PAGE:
Thursday, May 24, 2018

Free Block of the Month 9—Poppy

Everything is green, green, green, here! It seemed as if I (Kara) blinked, and all the trees had leaves. The orchard and fields are laden with wildflowers of all kinds—buttercups, daisies, yarrow, and so many more. On each walk with the dogs, I discover a new flower in bloom.















With so many flowers to choose from, it was a bit difficult to decide on this month's block; however, when I saw this patch of poppies the other day, I knew that they would win the monthly flower contest.

Such a vivid red!

Cotton Block 

Our guild had a yard sale the other night, and one of our members was selling her silk collection. Of course, I had to help her out by buying a few pieces. She had a beautiful red silk that was perfect for a poppy. 

Poppy bud out of green cotton
Appliquéd and ready for embroidery.

Doing the black pistils around the center seed head in turkey work, was a no brainer as that stitch with black wool or alpaca,  would be perfect. You can watch a great video tutorial on that stitch here.

I drew a small circle in the center. 
Turkey work loops done around the drawn circle.

Loops clipped and ready for a trim
I trimmed carefully and separated the strands to fluff them.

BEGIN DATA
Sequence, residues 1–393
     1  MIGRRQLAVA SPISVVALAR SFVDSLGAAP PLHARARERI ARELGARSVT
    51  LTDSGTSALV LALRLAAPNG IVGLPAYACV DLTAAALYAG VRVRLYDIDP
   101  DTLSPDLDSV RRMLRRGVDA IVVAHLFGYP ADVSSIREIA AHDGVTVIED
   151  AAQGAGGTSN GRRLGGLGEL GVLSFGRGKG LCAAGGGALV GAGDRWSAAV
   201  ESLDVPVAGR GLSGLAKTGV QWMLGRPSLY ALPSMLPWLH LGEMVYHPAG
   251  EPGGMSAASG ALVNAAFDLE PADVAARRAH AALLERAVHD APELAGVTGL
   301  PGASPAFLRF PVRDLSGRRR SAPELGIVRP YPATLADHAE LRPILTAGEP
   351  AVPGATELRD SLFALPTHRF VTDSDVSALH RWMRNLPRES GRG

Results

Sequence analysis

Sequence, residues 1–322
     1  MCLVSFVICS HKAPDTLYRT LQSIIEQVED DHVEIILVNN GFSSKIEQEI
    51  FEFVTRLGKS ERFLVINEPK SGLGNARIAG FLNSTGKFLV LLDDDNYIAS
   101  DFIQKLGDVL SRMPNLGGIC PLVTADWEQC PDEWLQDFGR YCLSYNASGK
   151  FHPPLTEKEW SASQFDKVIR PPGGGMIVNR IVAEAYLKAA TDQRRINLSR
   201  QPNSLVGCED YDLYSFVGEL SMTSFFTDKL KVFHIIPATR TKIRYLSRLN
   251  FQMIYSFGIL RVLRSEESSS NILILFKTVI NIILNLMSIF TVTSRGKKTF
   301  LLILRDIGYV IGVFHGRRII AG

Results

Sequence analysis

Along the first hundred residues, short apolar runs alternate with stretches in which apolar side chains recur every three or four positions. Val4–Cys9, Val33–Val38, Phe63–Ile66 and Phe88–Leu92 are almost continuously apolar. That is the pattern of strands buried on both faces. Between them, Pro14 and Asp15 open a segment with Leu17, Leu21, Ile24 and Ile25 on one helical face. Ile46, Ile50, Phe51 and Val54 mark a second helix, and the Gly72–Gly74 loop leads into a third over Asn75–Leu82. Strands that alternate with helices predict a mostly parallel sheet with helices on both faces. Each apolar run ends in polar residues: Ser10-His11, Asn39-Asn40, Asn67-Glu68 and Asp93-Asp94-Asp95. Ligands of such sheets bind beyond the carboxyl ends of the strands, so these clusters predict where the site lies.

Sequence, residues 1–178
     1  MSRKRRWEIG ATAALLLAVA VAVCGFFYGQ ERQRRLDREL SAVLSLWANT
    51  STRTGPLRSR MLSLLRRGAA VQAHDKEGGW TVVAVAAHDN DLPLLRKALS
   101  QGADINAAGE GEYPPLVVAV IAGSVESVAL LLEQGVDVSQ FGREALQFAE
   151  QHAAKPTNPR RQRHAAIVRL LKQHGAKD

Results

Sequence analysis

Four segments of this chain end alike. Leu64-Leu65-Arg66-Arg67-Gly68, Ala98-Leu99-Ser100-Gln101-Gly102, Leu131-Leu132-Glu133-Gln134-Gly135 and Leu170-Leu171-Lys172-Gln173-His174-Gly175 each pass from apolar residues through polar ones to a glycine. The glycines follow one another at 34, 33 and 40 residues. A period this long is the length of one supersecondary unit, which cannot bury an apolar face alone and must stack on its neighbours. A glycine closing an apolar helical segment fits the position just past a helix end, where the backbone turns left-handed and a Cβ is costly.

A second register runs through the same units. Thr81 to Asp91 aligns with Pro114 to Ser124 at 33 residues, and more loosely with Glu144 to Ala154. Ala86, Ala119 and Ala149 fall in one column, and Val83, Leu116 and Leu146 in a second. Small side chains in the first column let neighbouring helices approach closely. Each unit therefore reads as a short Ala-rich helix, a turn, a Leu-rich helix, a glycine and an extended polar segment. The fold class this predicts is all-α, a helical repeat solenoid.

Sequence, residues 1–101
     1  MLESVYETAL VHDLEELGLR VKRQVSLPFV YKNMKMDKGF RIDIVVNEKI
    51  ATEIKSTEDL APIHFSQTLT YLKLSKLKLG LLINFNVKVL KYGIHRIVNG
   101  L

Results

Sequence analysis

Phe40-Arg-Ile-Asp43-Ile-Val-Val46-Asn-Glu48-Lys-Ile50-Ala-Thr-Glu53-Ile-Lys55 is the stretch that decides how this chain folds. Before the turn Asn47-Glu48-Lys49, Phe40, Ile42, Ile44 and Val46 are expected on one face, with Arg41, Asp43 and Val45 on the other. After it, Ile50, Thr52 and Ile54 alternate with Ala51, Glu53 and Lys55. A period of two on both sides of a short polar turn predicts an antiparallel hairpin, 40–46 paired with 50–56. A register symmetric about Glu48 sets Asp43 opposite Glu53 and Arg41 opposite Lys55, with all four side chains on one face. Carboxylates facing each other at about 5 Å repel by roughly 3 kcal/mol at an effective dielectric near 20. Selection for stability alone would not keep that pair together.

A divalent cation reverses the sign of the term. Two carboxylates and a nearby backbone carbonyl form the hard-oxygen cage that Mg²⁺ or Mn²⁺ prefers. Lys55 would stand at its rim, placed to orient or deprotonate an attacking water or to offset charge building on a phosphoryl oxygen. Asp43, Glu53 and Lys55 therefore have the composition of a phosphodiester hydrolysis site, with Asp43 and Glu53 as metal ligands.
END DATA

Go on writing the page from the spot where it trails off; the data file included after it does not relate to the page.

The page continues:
I knew I wanted the seed pod in the center to be dimensional, so I created a stuffed seed pod with a few stitches, some gathers, and a little poly-fill.






I cut a small 2" square of green fabric and used a slightly smaller than 1" circle to trace around the outside and inside of the circle. (I used Karen Kay Buckley's perfect circles.)














I used pencil for the outside circle and white for the inside circle.

















Using the inner circle as your guide, make 6 straight stitches, forming a star shape as shown.

















Trim excess fabric around circle.














With strong thread take running stitches around the outside edge of the circle to gather. 

Add a small amount of poly-fill before gathering, and then pull stitches tightly. 












Take a few stitches through the gathers to secure them. 

Knot off your thread but leave your needle threaded.
















Attach the seed pod to the poppy by taking the needle through to the back.

Take 2-3 stitches to secure, making sure to catch the fabric of the seed pod with your stitches.

















Using two strands of light green floss, make a series of straight stitches on the poppy bud as shown.











Finished cotton block poppy

Stitches and Threads Used (Cotton Block)

Stem—Painter's Threads, 4mm silk ribbon, Cezanne: stem stitch
Pistils—Black, alpaca, sock-weight yarn: turkey work